The punishment for white-collar crime in Pennsylvania can vary depending on the crime type, severity, and the total number of offenses. Penalties can range between minor offenses with small fines of $75 to felonies that carry a punishment of fines of up to $25,000 and 10 years in jail. Some crimes can carry multiple charges. For example, insurance fraud can include identity theft and forgery charges, each carrying its own penalties.
Punishments for White-Collar Offenses in Pennsylvania
Here is an overview of the punishments for white-collar offenses in the state of Pennsylvania:
- Summary Offense: Can vary according to whether it is a first, second, or third-degree summary offense, but includes a fine of up to $250 and up to 90 days in jail
- Third-Degree Misdemeanor: A fine of no less than $250 or no more than $5000 and/or jail time of up to 90 days
- Second-Degree Misdemeanor: A fine of no less than $500 and no more than $5,000 and/or imprisonment of up to two years
- First-Degree Misdemeanor: A fine or no less than $1,500 but no more than $10,000 and/or jail time of up to five years
- Third-Degree Felony: A fine of no less than $2,500 and up to $15,000 and/or up-to seven years in jail
- Second-Degree Felony: A fine of no less than $5,000 and up to $25,000 and/or up-to 10 years in jail
Common Types of White-Collar Crimes
Here are a few of the most common white-collar crimes in Pennsylvania that violate PA Code Chapter 41:
Credit Card Fraud
Pennsylvania law makes it illegal to use another person’s credit card without permission or use a card that has been canceled or revoked.
Embezzlement is when a person who has been entrusted to handle money or property uses their position to misappropriate funds, such as when an employee or third party find ways to funnel money into their personal bank account.
A person can file for bankruptcy if facing insurmountable debt. However, bankruptcy comes at the expense of creditors who can only recover a portion of the debtor’s nonessential assets. If the person intentionally hides property when filing for bankruptcy, they can be accused of bankruptcy fraud.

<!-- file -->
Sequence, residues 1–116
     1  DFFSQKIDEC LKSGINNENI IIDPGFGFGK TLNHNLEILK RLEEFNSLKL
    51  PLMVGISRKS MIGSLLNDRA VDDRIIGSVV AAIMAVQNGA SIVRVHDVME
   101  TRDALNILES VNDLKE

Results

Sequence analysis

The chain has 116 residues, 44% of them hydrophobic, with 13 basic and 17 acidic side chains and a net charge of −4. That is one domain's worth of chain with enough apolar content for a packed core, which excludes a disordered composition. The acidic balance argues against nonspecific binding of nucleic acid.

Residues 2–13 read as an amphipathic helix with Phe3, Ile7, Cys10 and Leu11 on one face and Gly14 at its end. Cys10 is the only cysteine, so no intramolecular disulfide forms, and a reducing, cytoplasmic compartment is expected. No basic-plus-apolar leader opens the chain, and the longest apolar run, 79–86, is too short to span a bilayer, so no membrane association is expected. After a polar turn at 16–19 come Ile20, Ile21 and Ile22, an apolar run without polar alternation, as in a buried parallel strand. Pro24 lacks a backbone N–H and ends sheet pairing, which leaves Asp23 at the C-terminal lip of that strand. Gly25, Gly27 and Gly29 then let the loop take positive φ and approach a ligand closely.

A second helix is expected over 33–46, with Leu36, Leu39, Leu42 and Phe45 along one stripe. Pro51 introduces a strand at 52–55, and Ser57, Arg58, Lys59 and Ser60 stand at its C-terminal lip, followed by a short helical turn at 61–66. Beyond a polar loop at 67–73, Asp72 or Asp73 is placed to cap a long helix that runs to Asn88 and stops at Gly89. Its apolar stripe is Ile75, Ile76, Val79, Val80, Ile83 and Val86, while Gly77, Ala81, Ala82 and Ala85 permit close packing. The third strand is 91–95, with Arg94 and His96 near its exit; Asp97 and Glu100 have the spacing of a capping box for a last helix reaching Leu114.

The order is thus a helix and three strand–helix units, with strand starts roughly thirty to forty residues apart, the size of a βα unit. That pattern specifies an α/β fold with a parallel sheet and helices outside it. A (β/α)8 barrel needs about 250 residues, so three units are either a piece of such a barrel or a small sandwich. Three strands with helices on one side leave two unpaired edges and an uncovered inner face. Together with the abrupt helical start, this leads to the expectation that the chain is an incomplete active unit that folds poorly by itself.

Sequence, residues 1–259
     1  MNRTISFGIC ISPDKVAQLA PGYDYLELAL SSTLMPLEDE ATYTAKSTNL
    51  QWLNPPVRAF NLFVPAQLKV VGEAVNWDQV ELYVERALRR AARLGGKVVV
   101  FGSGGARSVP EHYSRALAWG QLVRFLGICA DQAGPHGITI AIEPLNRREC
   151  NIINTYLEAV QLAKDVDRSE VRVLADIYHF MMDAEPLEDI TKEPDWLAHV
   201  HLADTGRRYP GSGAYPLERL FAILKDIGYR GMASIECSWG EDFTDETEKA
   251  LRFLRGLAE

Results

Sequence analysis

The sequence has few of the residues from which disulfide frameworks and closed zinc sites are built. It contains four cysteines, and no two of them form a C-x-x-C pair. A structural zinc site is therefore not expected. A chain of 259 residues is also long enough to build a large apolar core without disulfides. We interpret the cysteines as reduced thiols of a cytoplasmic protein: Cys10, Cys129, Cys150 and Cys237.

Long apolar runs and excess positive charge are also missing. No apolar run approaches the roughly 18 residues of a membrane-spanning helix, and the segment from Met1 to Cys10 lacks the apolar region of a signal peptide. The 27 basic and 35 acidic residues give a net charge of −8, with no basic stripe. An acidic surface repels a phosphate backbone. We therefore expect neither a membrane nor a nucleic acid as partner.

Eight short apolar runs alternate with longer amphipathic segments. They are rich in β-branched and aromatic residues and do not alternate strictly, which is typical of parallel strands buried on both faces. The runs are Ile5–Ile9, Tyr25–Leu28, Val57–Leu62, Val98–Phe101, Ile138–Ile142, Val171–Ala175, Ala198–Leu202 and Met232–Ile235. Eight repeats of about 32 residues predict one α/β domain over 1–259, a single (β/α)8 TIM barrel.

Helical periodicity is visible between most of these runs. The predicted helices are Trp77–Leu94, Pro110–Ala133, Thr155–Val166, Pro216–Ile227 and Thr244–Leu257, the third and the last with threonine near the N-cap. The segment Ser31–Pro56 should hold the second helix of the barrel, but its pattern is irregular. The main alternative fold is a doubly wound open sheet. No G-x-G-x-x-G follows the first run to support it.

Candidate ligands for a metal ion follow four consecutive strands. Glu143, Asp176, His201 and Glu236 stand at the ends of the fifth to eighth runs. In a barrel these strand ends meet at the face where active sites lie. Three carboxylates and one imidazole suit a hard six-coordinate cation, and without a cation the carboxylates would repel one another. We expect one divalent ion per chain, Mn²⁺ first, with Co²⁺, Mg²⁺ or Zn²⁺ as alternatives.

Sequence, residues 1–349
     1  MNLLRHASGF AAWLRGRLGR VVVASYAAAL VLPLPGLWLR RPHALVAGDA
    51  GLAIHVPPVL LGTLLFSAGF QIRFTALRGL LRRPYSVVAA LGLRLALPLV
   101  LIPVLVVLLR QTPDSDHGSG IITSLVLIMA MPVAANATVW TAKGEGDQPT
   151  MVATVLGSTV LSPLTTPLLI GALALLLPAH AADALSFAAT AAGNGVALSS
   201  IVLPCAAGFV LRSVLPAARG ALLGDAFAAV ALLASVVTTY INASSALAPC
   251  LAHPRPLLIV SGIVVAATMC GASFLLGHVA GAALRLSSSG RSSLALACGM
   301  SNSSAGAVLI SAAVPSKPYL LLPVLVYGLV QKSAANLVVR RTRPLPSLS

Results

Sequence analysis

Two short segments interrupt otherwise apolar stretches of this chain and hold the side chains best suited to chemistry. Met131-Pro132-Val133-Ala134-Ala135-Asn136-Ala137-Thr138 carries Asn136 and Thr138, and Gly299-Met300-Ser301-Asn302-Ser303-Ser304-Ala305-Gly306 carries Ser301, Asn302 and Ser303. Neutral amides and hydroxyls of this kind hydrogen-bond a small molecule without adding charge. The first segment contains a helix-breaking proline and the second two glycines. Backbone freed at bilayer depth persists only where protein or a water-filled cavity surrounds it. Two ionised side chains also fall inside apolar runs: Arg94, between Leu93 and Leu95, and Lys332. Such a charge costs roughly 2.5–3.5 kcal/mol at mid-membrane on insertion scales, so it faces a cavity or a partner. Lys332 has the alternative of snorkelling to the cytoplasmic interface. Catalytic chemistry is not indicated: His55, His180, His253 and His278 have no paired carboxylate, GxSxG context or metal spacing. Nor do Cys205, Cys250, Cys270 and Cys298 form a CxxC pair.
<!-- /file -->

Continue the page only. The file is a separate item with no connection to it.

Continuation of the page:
Pennsylvania law defines identity theft as a person who uses, through any means, the identifying information of another person without their consent to further any unlawful purpose.
Extortion occurs when a person coerces another person or company into giving up money, property, or services.
This is a type of investment scam that promises high returns for little or even no risk. People use Ponzi Schemes to attract new investors in order to pay off older ones. The entire scam falls apart when new investors stop coming in, and there is no more influx of cash to pay off old investors.
Forgery refers to the practice of altering or fabricating any document for personal gain. This is a second-degree felony offense if the forged instrument is money, food stamps, stocks, or bonds. Forgery on wills, contracts, or deeds represents a third-degree felony offense.
How the Statute of Limitations Can Impact a White-Collar Crime
The statute of limitations limits the amount of time in which plaintiffs may file a claim. In most cases, federal crimes are subject to a statute of limitations that is five years. The United States Code Title 18 §3282 states that “(e)xcept as otherwise expressly provided by law,” a prosecution for a non-capital offense shall be instituted within five years after the offense was committed.”
It is important to realize that white-collar crimes—financial crimes—and federal crimes often overlap.
There is no limit to bring charges for serious crimes like murder, but lesser crimes generally have a statute of limitations between two and 12 years. Major offenses or conspiracy or solicitation to commit major offenses have a limitation of five years. Fraud of breach of fiduciary duty has a limitation of three years. Official misconduct has a limitation of eight years.
McKenzie Law Firm, P.C. Wants to Help With Your Case
If you or someone you love is facing charges of fraud, forgery, embezzlement, or another other white-collar crime in federal or state court, the team at McKenzie Law Firm, P.C. is here to help. We offer a free consultation where we can evaluate your case and help you understand your punishment for white-collar crime in Pennsylvania. Our team can also get to work right away, mounting a strong defense in your case, possibly challenging the prosecutor’s evidence or seeking to have your charges reduced or dismissed. Call us today at (610) 680-7842.